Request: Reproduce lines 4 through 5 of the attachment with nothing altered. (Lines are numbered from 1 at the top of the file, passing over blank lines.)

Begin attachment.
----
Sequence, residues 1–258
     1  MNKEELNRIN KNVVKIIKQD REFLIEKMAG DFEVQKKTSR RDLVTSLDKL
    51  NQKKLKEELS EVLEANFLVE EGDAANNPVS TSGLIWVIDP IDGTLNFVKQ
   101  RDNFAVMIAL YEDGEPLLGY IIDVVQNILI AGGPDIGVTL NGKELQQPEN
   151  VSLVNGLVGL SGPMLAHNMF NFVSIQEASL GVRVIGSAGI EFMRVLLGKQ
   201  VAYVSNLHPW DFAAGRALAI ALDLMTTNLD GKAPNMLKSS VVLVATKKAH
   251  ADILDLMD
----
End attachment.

   101  RDNFAVMIAL YEDGEPLLGY IIDVVQNILI AGGPDIGVTL NGKELQQPEN
   151  VSLVNGLVGL SGPMLAHNMF NFVSIQEASL GVRVIGSAGI EFMRVLLGKQ